And the third pas de deux?

I'm still figuring that one out. It's very epic, because it's so long. The tone is sad, and it ends very sadly. She goes over his back and reaches up, and she roolllllls down like a log from up high, facing the floor, and he lifts her off. It's unresolved. I think Jerry likes that, when there's not really an answer: a giant question mark in the middle. There's so many things in dance that you can't explain.

[About a duet in the Robbins-Tharp collaboration “Brahms/Handel,” a “West Side Story” for the classical set, with Robbins dancers in blue and Tharp dancers in green]

This might be my favorite section. It's very brief but it's kind of jiggy, which Jerry liked. His humor comes into his ballets a lot and it's a jiggy humor.

Was he a jiggy dancer?

Yeah, a little bit. There's a lot of stuff with hands on your hips just plieing to the music (dunk, da-dunk-dunk). It's just fun. That's part of the socialness of it. You're dancing with each other and there's some kind of deep-seated humor to it, and it just feels good to be dancing with your friend.

Kind of beautiful.

DAMIAN WOETZEL, who joined New York City Ballet in 1985 and retired from the stage in 2008, a month after this interview. In his many Robbins roles, including “Fancy Free,” “Dances at a Gathering,” and “Afternoon of a Faun”, Woetzel achieved the easy naturalness the choreographer often sought from his dancers. Woetzel has helmed the Vail International Dance Festival, in Colorado, for the last decade.

Damian Woetzel in “Fancy Free.” Photograph by Paul Kolnik
Damian Woetzel in Jerome Robbins' “Fancy Free.” Photograph by Paul Kolnik

“Fancy Free” was the first ballet I went to a rehearsal for. I was still in the school and Jerry had seen me dance and he told me to come watch him rehearse. I was 17 years old. The attention to detail within the choreography for each character is what stuck out. The corrections he gave weren't, You're doing the step wrong. It was how the step related to the character, and that was what was wrong. And he's famous for that in his Broadway life—through the dance came the drama—“Fancy Free” [Robbins' first ballet, from 1944] obviously previewed that.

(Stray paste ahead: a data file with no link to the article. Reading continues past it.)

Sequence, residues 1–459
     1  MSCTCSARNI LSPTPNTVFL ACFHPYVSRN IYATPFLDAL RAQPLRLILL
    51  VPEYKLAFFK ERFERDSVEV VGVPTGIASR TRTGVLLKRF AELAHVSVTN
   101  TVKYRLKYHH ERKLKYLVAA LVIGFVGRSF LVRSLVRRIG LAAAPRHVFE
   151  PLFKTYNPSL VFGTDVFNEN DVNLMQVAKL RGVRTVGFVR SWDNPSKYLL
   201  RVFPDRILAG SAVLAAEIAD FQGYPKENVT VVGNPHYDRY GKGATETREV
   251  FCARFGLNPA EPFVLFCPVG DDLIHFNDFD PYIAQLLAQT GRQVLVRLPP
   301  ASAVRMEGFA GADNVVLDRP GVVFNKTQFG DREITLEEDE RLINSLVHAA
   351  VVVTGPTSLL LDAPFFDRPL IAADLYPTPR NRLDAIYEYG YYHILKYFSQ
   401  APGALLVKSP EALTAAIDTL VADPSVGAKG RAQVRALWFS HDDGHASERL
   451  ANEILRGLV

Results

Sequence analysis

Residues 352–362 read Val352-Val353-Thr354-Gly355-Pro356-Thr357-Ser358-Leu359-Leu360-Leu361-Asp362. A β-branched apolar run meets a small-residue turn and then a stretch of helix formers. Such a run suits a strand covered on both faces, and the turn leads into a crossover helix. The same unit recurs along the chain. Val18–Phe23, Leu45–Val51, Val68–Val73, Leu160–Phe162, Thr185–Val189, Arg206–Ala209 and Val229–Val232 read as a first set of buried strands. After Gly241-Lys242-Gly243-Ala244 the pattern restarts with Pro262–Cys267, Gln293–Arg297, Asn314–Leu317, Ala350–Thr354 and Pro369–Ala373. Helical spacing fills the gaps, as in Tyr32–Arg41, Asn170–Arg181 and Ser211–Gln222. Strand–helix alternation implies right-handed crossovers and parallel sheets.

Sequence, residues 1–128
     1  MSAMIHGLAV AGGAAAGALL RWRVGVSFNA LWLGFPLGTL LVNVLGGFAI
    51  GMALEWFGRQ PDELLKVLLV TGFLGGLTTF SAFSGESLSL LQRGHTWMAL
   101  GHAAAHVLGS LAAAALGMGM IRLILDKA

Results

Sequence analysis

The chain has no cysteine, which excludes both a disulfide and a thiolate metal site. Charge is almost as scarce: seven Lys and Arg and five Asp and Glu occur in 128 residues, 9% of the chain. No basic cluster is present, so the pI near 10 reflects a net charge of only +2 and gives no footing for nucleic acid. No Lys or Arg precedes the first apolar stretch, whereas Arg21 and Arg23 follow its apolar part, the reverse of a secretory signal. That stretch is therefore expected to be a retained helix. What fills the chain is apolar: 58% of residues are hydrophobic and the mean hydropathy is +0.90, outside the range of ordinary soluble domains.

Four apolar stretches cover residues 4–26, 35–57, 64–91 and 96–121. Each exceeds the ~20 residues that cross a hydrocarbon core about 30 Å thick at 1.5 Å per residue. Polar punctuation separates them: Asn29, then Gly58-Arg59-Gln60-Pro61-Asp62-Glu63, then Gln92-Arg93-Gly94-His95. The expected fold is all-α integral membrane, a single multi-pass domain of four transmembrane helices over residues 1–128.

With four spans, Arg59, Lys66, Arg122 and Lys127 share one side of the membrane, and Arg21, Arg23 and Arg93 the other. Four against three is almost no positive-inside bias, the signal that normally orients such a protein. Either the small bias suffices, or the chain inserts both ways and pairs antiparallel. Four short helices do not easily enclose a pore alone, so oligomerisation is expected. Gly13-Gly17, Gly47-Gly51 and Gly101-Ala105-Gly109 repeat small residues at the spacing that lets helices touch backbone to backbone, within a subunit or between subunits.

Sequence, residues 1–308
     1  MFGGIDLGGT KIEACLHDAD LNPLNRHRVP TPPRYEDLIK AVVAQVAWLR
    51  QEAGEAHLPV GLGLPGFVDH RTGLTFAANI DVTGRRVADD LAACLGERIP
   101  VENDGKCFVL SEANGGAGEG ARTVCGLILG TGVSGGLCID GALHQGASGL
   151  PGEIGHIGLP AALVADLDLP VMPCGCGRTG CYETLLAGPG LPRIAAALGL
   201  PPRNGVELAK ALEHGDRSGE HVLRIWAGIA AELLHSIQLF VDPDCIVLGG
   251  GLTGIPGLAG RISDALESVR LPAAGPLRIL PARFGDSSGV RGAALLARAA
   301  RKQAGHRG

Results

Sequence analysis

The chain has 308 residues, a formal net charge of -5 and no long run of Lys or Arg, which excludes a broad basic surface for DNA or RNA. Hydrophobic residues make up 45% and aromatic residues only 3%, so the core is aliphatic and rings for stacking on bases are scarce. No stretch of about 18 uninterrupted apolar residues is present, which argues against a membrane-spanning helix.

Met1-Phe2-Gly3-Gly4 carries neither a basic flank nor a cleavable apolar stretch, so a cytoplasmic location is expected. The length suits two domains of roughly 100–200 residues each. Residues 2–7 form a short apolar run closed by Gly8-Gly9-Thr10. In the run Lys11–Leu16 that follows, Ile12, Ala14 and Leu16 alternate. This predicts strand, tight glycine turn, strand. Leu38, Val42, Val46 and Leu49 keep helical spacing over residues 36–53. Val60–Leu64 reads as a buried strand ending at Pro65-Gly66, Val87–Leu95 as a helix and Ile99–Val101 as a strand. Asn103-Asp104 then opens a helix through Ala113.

When I got to do the ballet, I was doing the part he made on himself, and that gave me a little more insight into his thought patterns because they were in his body in a different way. He was so famous for his ability to demonstrate. The way he would do the [fan's?] part “The Concert,” it was just beyond hysterical. He was so good at mime, for lack of a better word. As a dancer, to make that your own and imitate at the same time can be a life's work. But with Jerry's stuff, it's all so natural that it makes perfect sense. To use an example from “Fancy Free,” the three sailors' every step is choreographed dramatically.

There's a tendency to overdo in an effort to succeed—in everything in life, probably—and Jerry's work succeeds by nuance and subtlety. I'm sure you've heard how he told dancers to mark in rehearsal and even on stage at moments, and that spoke to his desire to get beyond just energy. It demanded even more energy to do it that way, but it's a more sophisticated challenge.

Was there a difference between how he coached his situation ballets such as "Fancy Free" and his plotless dances like “Dances at a Gathering”?

There's a tremendous difference. He was adamant that there was no story in “Dances at a Gathering,” for instance.

So what does he say about touching the ground at the beginning of “Dances at a Gathering”?

When we would do the touching of the floor, the mood was of temperature, of feeling the place itself. What did it mean? Ooh, he didn't talk about that. Definitely he would set the stage for the emotional setting. I think [that first section] was an archetype. It was a half-marked, half-danced remembrance of things past, and yet it's just a dance. And it ends with typical American nonchalance. It dwindles out, and that was very Jerry.

You know the story of Jerry seeing Eddie Villella in a shaft of light and that's where “Afternoon of a Faun” came out of? It's the unconscious conscious. The unstudied practice.

He has a sense of situation whether in “Faun” or “Fancy Free.”

Yes, but those two are so wildly different in the way he gets into people's heads. “Faun” is a covert action, and “Fancy” is a might yawp. Those four bat-bat-bat-bat at the start of “Fancy”—can you imagine the arrival of Jerome Robbins [as one of the sailors in "Fancy Free" and as a choreographer]?

That is quite an arrival.

Apollinaire Scherr

Apollinaire Scherr has written regularly for the Financial Times, the New Yorker, the New York Times, and Newsday, and contributed to Salon, New York magazine, the Village Voice, Elle, the San Francisco Chronicle, Barnard magazine, and Flash Art International.